Finland’s secret flavour: the birch leaf

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Finland’s secret flavour: the birch leaf

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Being close to nature is an essential part of the Finnish identity. Unsurprisingly, in a country ruled by endless forests and placid lakes, natural flavours are abundant and ingredients provided by nature are deeply ingrained in the Finnish cuisine, have found their ways into natural cosmetics and, to a degree, even into sauna culture. Especially Finnish food is connected to ingredients such as berries and herbs. But what is a real, a very Finnish flavour? A Finnflavour, so to speak?

The flavour that people usually associate with Finland is probably that of the wild blueberry (bilberry), followed by other berries and maybe even some herbs. However, Finns have another all-time favourite that is much less known but, we argue, the most Finnish one of them all: it’s the birch leaf (in Finnish koivunlehti), a real gem that remains somewhat a secret outside the country’s borders.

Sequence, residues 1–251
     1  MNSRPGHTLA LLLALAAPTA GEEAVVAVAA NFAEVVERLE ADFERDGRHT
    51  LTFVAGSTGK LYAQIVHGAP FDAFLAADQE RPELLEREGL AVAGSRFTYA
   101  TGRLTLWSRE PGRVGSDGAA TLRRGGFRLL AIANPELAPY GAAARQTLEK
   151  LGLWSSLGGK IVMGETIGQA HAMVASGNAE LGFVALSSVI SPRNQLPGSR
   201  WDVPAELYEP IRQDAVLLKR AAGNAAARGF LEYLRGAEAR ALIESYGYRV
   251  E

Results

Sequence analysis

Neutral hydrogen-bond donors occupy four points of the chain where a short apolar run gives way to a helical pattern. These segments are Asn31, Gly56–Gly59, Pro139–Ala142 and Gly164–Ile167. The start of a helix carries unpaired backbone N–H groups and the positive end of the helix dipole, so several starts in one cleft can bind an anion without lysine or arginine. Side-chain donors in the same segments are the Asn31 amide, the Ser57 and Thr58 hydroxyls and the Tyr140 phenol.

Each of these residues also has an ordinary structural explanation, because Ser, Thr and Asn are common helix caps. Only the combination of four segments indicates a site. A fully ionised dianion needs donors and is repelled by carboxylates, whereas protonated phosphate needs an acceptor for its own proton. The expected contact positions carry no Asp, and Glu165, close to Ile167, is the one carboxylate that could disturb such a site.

Birch leaves have a very particular taste and smell. If you ever had the chance, you will never forget their unique flavour. In Finland, birch leaves are used to make tea, young leaves are common, tasty ingredients for salads and you can even find them in snack bars and other products. Cosmetics also make plenty of use of birch leaves. Soap, shampoo and other hygiene products such as herbal baths for the feet and body are common items that contain the leaves. What might seem like a little obsession is explained and fully justified by the special twist they give to them.

There is more, though. Birch leaves play a role in traditional sauna culture in Finland (in Russia as well). Branches with birch leaves are used by sauna goers to gently slap their skin with to improve blood circulation (Finns know this as vasta or vihta). Using them makes a sauna visit truly Finnish and perfect.

And while we are talking about birches: the tree has other uses as well. Birch sugar (aka xylitol) is harvested from the tree, birch sap (or birch water) is a popular drink and ingredient in Finland and elsewhere and the bark is used in all sorts of arts and handicrafts (even shoes are made from the bark). Traditionally, birch wood is also an important firewood. To top it off, the silver birch (Betula pendula) is Finland’s national tree.

As you can see, Finns and birches have a long and intimate relationship. That’s why we say: the birch is the most Finnish flavour (and thing) there is.

Yours,

Elina & Tim

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